BJPsych Bulletin is delighted to announce Dr Simon Williamson as the winner of the 2021 Praxis Editorial Award competition. Read his complementary blog post on his winning article: “‘Is the biopsychosocial model dead?”.

The biopsychosocial model has become a staple of modern medical education, especially in psychiatry. I’ve encountered it several times during my training, often as the seemingly canonical Venn diagram of overlapping biological, psychological, and social factors. As a new psychiatry trainee, I was taught how to apply the biopsychosocial model by means of formulation. I learned that formulation is an important component of practice, and one of the core competencies I would be expected to attain. I was surprised, therefore, to see very few formulations completed in practice. Why was the model, purported to be of great value to psychiatrists, not being used?

Clearly something with the model was amiss, though the depth of the problem wasn’t immediately apparent. I decided to assume nothing of the model’s validity, and instead ask of it some fundamental questions (is it valid, is it useful and is it used?).   

In doing so, I discovered a depth to the model far greater than the Venn diagrams would suggest. Systems theory lends an intellectual weight to the model, and grounds the biopsychosocial in a framework that is philosophically coherent. Engel didn’t mean for this to remain in the intellectual space either –he showed how it could be applied in practice, envisioning genuine holistic care by ‘systems-oriented’ physicians.

Ultimately, I found no inherent flaws with the model, only in its implementation. This was not solely attributable to time constraints, but also to a view among psychiatrists that formulation is practically irrelevant. I suspect this view underlies the rift between education and practice, concealed perhaps by a tendency to pay the model lip service.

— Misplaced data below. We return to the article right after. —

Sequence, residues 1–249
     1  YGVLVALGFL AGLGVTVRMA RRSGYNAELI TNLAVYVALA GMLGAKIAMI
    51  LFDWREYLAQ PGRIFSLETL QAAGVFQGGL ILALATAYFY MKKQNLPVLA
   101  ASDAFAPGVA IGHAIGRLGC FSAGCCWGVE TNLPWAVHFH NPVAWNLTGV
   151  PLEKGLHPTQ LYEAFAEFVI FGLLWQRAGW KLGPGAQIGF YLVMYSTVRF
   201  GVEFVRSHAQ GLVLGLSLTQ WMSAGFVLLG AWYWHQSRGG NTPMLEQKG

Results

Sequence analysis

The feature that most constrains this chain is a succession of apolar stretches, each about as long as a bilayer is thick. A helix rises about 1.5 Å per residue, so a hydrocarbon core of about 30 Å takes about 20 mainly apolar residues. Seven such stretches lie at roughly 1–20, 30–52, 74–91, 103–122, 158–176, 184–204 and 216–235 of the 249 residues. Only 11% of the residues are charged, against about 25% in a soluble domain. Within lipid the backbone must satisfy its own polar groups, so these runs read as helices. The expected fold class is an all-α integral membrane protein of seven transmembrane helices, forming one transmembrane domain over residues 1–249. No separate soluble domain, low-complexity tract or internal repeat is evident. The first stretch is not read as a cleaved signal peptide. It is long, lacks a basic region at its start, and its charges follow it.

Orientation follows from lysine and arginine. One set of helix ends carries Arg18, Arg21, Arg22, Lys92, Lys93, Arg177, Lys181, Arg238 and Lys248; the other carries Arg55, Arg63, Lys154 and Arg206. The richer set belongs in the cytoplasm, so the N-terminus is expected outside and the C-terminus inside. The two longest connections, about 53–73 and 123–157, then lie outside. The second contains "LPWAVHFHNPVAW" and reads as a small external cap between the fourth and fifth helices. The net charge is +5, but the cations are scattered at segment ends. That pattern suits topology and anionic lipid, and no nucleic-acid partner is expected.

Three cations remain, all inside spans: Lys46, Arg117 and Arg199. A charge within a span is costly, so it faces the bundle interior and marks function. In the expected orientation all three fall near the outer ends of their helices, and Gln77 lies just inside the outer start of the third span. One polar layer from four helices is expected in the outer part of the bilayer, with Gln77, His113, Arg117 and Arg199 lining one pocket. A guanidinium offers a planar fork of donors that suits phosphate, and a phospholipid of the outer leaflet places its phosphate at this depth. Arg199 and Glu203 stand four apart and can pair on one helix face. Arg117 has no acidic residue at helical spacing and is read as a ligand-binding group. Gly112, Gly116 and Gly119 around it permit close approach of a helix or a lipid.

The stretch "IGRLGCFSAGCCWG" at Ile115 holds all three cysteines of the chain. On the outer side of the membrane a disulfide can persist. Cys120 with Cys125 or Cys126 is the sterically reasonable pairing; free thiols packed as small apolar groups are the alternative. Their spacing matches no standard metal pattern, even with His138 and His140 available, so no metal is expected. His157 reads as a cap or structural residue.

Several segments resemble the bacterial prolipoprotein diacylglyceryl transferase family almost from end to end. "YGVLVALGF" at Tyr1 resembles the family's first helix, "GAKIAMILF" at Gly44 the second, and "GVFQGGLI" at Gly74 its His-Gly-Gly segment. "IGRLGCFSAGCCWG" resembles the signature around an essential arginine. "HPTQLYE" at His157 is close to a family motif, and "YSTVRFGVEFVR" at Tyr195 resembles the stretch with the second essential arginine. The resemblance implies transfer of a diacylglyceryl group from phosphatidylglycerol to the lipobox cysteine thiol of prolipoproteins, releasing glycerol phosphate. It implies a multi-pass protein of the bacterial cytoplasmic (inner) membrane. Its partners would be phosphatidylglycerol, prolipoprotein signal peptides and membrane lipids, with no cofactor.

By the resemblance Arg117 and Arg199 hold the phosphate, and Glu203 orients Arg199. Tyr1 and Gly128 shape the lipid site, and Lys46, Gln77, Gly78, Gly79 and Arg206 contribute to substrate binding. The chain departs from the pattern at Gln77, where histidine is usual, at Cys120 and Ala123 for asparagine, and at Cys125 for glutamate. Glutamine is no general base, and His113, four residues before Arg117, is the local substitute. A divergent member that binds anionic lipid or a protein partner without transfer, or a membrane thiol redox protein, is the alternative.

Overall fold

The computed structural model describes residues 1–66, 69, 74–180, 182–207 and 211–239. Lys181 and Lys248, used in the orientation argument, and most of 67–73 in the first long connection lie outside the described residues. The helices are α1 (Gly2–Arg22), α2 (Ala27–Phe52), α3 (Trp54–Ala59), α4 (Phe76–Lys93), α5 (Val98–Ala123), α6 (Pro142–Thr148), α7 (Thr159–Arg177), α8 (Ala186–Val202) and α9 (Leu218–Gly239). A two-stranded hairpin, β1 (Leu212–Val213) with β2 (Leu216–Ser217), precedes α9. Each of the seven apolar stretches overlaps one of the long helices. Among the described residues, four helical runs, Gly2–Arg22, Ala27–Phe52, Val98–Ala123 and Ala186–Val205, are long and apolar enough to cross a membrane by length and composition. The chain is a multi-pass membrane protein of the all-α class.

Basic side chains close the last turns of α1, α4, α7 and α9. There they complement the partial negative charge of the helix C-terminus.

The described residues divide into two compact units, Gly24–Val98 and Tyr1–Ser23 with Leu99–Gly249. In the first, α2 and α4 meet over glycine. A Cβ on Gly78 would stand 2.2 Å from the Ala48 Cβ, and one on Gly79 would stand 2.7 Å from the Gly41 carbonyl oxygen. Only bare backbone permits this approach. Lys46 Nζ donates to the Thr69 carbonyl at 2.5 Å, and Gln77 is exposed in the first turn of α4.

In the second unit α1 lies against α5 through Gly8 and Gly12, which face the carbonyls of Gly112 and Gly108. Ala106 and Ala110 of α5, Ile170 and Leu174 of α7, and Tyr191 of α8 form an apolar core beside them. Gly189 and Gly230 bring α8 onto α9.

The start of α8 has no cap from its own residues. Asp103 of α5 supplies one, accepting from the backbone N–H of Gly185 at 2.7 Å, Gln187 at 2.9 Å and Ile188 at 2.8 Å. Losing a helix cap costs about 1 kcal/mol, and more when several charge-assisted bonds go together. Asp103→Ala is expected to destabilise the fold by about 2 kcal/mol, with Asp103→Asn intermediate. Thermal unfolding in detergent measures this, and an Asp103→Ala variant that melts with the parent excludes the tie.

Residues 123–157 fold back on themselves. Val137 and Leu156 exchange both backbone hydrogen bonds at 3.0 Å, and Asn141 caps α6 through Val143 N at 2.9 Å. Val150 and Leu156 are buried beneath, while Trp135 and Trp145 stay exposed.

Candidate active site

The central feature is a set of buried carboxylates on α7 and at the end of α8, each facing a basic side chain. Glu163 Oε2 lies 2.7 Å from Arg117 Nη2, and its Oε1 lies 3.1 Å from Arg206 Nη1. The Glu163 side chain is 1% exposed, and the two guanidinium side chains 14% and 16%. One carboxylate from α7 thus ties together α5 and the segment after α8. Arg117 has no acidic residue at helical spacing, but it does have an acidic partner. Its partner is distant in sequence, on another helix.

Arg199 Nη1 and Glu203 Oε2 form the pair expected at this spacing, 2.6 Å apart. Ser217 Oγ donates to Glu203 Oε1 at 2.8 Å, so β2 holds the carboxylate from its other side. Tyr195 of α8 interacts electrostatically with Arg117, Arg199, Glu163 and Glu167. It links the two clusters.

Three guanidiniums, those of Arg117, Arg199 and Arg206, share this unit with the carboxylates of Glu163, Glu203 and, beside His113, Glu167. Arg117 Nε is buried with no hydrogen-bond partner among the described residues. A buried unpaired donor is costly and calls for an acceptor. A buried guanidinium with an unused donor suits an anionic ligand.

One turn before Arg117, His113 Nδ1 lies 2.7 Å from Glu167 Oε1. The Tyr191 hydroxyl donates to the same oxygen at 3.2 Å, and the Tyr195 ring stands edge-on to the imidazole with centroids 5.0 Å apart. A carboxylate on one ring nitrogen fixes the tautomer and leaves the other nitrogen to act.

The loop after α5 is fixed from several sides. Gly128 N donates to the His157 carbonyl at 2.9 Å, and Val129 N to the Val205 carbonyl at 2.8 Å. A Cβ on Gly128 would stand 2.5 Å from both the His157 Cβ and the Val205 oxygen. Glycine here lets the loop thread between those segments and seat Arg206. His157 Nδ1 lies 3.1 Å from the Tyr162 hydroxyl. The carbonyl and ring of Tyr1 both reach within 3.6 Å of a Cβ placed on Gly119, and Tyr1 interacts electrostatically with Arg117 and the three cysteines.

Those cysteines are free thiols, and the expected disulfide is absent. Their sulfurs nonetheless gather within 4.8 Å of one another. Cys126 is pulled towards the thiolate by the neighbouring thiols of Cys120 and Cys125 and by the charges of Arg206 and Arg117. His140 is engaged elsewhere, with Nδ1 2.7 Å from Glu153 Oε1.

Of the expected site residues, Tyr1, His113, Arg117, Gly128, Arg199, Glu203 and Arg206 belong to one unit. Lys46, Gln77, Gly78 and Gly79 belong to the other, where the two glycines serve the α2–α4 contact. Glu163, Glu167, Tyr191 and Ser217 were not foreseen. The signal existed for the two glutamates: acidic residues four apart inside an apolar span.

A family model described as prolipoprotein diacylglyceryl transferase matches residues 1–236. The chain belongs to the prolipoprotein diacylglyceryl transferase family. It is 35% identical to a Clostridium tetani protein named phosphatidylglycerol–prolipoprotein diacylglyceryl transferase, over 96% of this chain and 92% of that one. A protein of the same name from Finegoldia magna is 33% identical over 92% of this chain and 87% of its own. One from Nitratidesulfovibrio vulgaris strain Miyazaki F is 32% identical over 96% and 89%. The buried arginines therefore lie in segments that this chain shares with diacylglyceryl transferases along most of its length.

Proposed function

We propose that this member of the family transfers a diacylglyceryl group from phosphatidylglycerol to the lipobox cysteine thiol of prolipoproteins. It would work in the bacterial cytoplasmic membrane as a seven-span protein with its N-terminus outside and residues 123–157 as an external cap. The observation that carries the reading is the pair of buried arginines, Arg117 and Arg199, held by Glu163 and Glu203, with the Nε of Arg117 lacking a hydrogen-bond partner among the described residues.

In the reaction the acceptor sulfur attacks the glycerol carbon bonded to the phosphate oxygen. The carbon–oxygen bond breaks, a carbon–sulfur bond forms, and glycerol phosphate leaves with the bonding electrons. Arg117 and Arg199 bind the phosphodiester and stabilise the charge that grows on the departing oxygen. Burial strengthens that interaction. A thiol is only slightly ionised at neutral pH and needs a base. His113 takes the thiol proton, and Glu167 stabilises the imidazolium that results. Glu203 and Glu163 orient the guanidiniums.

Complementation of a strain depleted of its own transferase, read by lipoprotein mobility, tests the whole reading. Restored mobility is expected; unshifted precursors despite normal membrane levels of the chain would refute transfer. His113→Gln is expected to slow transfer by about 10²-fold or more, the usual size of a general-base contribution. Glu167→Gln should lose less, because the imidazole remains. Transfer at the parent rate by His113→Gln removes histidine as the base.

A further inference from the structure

We should consider how to change this. Addressing how the model is taught might be a start. It should be communicated that, through careful consideration of interacting biopsychosocial factors, one can begin to understand an individual’s motivations, drives and behaviours. The perception of a patient’s experience and actions can then take on real meaning. Caring for the patient is inherently more satisfying and accompanied by better decisions as to which members of the multi-disciplinary team to involve and how. Teaching the model using grounded examples, as Engel did, would help to convey the value of biopsychosocial formulations.

It is also worth considering the presence (or absence) of prompts in the clinical setting. Headings in clinic letter templates, for instance, indicate to trainees what should be considered – and what needn’t be. If formulations aren’t included, they risk being perceived as unnecessary. This could be easily prevented by adding a ‘formulation’ heading to encourage engagement with the model. Other documentation could be similarly adapted to better reflect a biopsychosocial framing – if there is sufficient impetus to do so.

I chose psychiatry with a desire to understand individuals and their lives in greater depth, as did many of my peers. The biopsychosocial model, through formulation, offers us this understanding. I’m hopeful that, as long as this desire persists, the biopsychosocial model can still be revived. Engel’s vision may come to fruition yet.

Read the 2021 Praxis Editorial Award winning article here.

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